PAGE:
However, Tan has misrepresented the harmful consequences with flawed reasoning. By linking the COE system with vehicle export trade, Tan attempted to obscure the casual link between loss of foreign exchange and early scrapping of cars, claiming that “the export regime ensures we earn some of that back”. It doesn’t take a mathematician to understand that as long as we earn only a portion back, it remains a deficit. And the deficit will widen if we repeat the process on increasing regularity.
Tan’s argument also begs the question: Is this a sustainable model for the growth of the car industry? Like the churning of insurance policies, it would be foolish to assume, as Tan has, that “the COE system has put substantial vroom into the car industry”, much less stimulate the economy. After all, how long can this scheme continue to hoodwink the entire populace into indulging in conspicuous consumption?
Flogging the demand/supply curve
As for making car ownership attainable for Singaporeans, that’s another bogus claim. Like HDB flats, you never actually own a car in Singapore. Under the COE system, you merely acquire the right to lease the car from the government for 10 years, after which you will have to fork out more money to retain the right to use your car. Why? Obviously, this will allow the government to milk car owners for all their worth.
Furthermore, there is evidence that the government has been under-issuing the number of COEs despite its pledge to increase it at the rate of 3% to cater to the demand of aspiring car owners. Just visit the following Web page at the Land Transport Authority’s website and check out the “Quota Allocation” files, and you will notice a shortfall year after year from 1999 to 2002 (figures for 2003 are not available). If we use 3% as the yardstick for increase, the total shortfall over these three years is 44,936 COEs.
Like the supply of land, one need not speculate why the government is reducing the supply of COEs deliberately. Anybody with an inquiring mind would have known that the main purpose of the COE system is to suck revenue from car owners. Unless Tan believes we will remain suckers in the foreseeable future, there is no room for such vroom.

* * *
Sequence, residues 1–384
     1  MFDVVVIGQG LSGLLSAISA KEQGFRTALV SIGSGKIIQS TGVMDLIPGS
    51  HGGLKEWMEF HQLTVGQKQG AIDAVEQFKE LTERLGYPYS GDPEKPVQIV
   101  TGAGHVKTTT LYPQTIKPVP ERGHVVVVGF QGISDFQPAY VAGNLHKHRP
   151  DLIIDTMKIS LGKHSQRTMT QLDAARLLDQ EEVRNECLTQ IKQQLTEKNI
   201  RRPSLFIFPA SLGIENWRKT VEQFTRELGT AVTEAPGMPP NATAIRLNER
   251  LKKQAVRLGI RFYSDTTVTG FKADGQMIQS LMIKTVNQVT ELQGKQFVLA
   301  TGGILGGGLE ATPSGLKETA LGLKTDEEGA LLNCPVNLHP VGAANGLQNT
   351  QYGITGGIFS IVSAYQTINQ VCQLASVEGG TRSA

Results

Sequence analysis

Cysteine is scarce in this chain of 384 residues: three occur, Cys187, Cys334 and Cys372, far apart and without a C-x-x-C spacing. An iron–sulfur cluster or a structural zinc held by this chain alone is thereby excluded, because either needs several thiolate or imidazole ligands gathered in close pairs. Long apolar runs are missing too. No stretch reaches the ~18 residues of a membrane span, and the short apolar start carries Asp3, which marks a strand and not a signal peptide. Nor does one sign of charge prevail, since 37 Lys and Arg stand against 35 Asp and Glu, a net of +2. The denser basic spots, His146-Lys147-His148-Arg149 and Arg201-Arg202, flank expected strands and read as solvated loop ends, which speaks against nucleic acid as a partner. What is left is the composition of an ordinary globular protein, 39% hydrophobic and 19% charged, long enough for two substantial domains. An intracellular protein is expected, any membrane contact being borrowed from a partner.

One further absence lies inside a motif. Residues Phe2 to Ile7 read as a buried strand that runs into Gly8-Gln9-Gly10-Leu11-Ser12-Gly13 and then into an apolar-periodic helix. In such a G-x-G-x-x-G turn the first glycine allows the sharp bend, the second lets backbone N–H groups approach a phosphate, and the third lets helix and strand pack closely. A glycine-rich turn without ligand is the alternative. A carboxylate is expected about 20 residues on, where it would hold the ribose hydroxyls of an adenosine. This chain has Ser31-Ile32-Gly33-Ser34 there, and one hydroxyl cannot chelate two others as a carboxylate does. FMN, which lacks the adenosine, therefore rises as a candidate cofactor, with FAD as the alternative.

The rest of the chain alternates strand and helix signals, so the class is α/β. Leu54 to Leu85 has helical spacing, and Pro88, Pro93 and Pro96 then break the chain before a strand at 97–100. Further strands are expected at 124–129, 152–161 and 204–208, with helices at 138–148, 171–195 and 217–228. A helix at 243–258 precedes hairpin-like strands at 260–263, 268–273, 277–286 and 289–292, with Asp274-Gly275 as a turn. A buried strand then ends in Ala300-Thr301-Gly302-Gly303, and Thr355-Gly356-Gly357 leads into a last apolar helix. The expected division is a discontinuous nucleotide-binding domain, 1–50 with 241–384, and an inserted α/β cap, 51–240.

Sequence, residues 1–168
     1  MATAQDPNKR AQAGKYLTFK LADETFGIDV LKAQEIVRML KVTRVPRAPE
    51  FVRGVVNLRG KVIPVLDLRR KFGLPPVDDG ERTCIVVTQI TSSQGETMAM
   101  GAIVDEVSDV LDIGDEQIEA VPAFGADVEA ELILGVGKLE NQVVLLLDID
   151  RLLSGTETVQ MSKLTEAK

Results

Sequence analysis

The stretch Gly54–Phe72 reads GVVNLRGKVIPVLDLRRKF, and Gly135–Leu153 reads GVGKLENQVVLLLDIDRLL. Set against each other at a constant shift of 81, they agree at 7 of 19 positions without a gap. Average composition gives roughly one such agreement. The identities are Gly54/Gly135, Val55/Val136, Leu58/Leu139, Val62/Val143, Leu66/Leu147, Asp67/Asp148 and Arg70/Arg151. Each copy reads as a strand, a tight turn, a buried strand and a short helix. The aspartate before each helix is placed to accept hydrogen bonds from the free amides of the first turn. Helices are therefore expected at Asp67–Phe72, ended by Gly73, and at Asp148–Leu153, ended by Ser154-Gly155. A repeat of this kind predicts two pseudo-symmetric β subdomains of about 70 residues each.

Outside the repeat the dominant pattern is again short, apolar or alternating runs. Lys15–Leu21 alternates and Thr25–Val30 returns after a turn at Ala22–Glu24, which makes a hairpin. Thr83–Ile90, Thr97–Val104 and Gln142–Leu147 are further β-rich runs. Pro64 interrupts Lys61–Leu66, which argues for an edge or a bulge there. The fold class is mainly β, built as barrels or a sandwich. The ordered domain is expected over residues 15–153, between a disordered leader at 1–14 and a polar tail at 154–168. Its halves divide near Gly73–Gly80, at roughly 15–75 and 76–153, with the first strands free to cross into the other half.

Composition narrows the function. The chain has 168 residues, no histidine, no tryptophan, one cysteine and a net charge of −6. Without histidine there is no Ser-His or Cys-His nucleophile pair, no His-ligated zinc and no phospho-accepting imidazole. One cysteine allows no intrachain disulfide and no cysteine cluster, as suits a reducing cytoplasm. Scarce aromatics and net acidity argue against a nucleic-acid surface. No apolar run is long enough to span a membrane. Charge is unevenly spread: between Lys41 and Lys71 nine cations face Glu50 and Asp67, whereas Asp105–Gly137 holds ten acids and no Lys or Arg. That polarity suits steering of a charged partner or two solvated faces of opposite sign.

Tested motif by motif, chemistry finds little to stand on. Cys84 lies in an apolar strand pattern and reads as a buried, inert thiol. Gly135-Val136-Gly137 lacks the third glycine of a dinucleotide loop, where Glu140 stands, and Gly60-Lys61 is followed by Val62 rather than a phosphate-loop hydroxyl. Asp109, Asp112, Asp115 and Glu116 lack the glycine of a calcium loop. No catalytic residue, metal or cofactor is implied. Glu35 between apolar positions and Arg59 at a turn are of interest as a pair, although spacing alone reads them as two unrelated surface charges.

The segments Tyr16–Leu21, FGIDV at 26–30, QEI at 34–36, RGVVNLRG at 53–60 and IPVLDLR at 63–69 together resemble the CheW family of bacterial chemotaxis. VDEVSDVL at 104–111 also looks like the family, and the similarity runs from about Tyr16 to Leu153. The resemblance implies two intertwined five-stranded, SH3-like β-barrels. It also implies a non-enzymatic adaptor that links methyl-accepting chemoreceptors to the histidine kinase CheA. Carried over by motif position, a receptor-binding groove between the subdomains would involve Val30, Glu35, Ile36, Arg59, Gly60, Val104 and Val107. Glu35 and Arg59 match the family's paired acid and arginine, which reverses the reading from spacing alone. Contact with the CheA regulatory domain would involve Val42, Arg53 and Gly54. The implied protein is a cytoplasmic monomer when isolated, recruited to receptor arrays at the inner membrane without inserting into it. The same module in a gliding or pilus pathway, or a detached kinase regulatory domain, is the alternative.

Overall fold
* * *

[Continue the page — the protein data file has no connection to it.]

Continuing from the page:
Tan also implied that peripheral industries have benefited from the booming car sales. This is another feeble attempt to justify his argument, as there is no evidence to prove that all the benefits can be directly attributed to the COE system.
On top of that, Tan’s questionable use of statistics should not go unchallenged. According to him, two-thirds of last year’s car sales (almost S$7 billion based on S$85,000 per car) went to taxes – COE, additional registration fee and excise duty – and “all used for the common good like building schools, shoring up defence and security, and meeting growing health-care needs”.
At first glance, that seems like a huge amount of good coming from the COE system. But the generous statement is misleading. Tan uses the following figures to arrive at the S$7 billion total: 82,000 cars sold last year, multiplied by S$85,000 per car. If we use an average rate of S$23,000 per COE, the 82,000 COEs alone contributed “only” about S$1.886 billion to the government coffers. (For those who are numerically challenged, S$1.886 billion is S$1,886,000,000.) This doesn’t sound as much as two-thirds of S$7 billion, but it’s still a humongous sum.
If indeed all of that (whether S$1.886 billion or two-thirds of S$7 billion) are used for the common good, why is the government constantly complaining that our public transport operators are not making enough money to sustain their operations?
It just goes to show that if shit could be sold, the government would tax your asshole.
Shame on the Straits Times for publishing such a piece of drivel.